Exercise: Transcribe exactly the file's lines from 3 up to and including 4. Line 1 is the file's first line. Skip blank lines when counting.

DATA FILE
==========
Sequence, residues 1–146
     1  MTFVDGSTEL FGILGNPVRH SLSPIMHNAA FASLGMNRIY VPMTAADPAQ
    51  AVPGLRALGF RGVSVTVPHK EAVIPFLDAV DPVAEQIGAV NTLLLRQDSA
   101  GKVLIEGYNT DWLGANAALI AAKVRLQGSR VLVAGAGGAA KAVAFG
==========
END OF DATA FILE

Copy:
    51  AVPGLRALGF RGVSVTVPHK EAVIPFLDAV DPVAEQIGAV NTLLLRQDSA
   101  GKVLIEGYNT DWLGANAALI AAKVRLQGSR VLVAGAGGAA KAVAFG